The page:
Tuesday, June 3, 2008

Ice-Infused Shincha

A year ago I experimented with cold brewing sencha, and now that another Texas summer is here, I have revisited this quirky, refreshing method, this time using a significantly better tea, Shincha Yutaka Midori.

The idea is simple, add tea leaves and ice cubes to your pot and let the ice melt, giving it at least fifteen to twenty minutes. The colder temperature keeps the tea from turning bitter.

This time I thoroughly preheated the pot first, hoping to speed things up just a bit. When using this method I find its best to leave it outside or out on the porch.

The tea is strong, but not astringent, sweet, flavorful, very vegital. There is nothing grassy about this, but like biting into fresh produce. Cold-brewing reveals characteristics of the tea that you wouldn't find otherwise.


Brent said...

I'll have to try this again. Last time, it came out horribly bitter for some reason. Thanks for the pre-warming tip!


~ Phyll said...

My tea friend, you have jump-started my desire to make a cold-brew tonight with some leftover Indian teas. The weather in LA has been on and off, but it's gradually getting warmer by the week. Thanks!

Salsero said...

I've been meaning to try this since you posted your last experiments in August. Did you go with the 5 gr tea and 5 to 6 ice cubes again this time?

Space Samurai said...

Sal, good question. I didn't pay attention this time. I used a generous amount of sencha and just filled it up with cubes.

By the way, later on I tried this with some houjicha karigane and it was quite interesting, like an iced coffee.

Bill said...

Yo Space, didn't you have the urge to sweeten it? I have just enough to try this with the left over sincha from the ITD tasting. I think I may give it a go.


Anonymous said...

This is something very new to me. I think I'll give it a try. I always relate tea with hot water.

Tomla said...

Hi, sounds very good with houjicha, i will try when i get my orders.

Tomla said...

Hi again Alex,

On the last picture, is it a bamboo bowl ? If yes, where do you get it ?

tieguanyin said...

Great entry Alex! I had not thought of that method. The upper East Coast is going through a bit of a heatwave so your experiments come at an excellent time.

Given the weather, I tried an experiment myself with some high mountain oolong tea following a suggestion from Gordon of Dragon House Tea (Ebay).

I placed in a glass some high mountain oolong (Shan Li Xi) and filled it with filtered water and let it cold steap over night in the refrigetor for about 10 hours. The result was a refreshing and flowery cold beverage.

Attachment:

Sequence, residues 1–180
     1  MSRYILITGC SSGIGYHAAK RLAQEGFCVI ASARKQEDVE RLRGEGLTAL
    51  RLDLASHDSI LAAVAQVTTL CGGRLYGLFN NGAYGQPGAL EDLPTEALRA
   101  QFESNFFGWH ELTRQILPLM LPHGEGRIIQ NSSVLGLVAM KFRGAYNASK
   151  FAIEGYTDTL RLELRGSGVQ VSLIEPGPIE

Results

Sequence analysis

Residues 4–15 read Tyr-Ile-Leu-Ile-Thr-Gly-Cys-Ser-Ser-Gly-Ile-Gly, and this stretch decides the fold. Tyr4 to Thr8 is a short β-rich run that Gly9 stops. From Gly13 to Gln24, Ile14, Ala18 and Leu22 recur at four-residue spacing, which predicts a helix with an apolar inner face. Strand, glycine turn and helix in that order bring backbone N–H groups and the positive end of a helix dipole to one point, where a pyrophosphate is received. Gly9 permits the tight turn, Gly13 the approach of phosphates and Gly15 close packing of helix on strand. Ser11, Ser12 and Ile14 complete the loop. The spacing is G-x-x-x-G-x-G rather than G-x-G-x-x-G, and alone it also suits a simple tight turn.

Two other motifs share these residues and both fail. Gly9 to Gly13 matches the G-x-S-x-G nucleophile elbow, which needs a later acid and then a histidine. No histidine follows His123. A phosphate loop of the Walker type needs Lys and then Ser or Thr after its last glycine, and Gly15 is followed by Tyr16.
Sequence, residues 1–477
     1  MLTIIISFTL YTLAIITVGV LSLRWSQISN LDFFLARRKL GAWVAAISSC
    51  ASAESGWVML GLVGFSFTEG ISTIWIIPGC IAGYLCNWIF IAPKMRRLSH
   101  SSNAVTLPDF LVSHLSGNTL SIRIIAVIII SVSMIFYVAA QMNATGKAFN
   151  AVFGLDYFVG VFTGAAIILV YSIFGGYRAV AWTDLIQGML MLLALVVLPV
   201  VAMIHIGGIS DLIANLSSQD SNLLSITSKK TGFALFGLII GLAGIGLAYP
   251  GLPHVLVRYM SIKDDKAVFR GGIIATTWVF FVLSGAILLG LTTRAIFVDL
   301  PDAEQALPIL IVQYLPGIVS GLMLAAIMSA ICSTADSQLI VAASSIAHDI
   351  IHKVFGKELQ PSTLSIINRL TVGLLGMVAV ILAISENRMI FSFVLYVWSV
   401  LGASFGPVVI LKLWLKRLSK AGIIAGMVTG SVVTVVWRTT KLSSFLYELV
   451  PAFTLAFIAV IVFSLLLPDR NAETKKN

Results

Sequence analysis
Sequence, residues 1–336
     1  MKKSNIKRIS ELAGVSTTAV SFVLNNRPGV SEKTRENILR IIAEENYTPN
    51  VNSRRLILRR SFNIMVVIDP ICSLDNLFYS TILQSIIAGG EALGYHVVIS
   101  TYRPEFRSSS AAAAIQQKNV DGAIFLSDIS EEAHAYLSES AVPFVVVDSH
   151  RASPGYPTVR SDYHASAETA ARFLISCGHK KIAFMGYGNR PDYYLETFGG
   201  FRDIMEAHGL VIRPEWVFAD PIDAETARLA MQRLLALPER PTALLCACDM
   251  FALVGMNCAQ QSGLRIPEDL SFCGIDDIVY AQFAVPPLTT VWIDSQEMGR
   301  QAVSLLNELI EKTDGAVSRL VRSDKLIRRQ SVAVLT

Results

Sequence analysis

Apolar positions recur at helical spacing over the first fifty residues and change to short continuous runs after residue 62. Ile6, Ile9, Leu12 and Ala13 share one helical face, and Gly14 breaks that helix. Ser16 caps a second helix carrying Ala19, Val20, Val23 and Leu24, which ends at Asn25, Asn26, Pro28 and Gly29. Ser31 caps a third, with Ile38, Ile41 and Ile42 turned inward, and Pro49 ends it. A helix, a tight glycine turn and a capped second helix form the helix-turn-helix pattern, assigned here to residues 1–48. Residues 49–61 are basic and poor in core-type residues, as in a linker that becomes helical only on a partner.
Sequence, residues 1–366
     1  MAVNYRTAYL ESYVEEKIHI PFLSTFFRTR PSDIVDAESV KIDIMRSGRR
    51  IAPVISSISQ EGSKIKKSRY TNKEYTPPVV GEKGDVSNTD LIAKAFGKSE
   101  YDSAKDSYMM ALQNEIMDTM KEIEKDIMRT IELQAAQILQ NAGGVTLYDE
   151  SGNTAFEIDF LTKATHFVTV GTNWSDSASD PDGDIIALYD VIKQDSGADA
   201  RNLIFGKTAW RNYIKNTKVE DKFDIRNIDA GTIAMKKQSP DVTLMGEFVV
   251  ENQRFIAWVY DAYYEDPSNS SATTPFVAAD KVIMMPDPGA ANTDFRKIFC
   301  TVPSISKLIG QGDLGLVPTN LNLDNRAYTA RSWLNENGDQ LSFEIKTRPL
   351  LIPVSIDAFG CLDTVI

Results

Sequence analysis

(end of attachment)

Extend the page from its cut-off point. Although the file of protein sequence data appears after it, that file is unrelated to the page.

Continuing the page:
While this method does require some patience, the result was interesting. Has anyone else tried this?

Stay cool :)!

(another) Alex

Lewis said...

I love the look of ice in Tokoname under the Texas sun.

Space Samurai said...


Its from Totally Bamboo.

Tomla said...

Oh yes, Totally Bamboo, very cool and chemical free ! I have ordered some of their items here :

Anonymous said...

WOW! I have never heard of cold brewing. I definitely must try this process. Especially if this brewing method brings out different characteristics of the tea. Are there any teas you prefer cold brewing more than others?

Space Samurai said...

tea escapade,

so far I've only tried it with sencha and houjicha. sencha was 'better,' but the houji was still interesting.

ana dane said...

I just tried your fascinating ice-brewed method this morning with some Umegashima sencha, and it is indeed delicious.

I recently did a week's worth of experimenting with cold (refrigerator)-brewed tea
if you or any other readers are interested.

Thanks for such a great idea, and a beautiful blog.

Infuzion Pot said...

That's interesting. Have you tried melting the ice cubes to taste the resulting melted ice water? Some freezers give ice cubes a funky taste - and that might impair the flavor of the tea.

I sometimes steep greens using room-temperature water; but never ice.

What kind of treatment do you give the ice to prevent a funky flavor?

And how about using smaller chunks of ice that would melt faster? Would that improve the flavor a bit?

Space Samurai said...

Thanks Anna, this method seems to pique eveyone's curiosity.

Infuzion...the crushed ice is a great idea, and I'll try it next. It will definitely speed things up, my only concern is will the shorter melting time allow the tea to steep enough. Who knows, but I'll find out. :)

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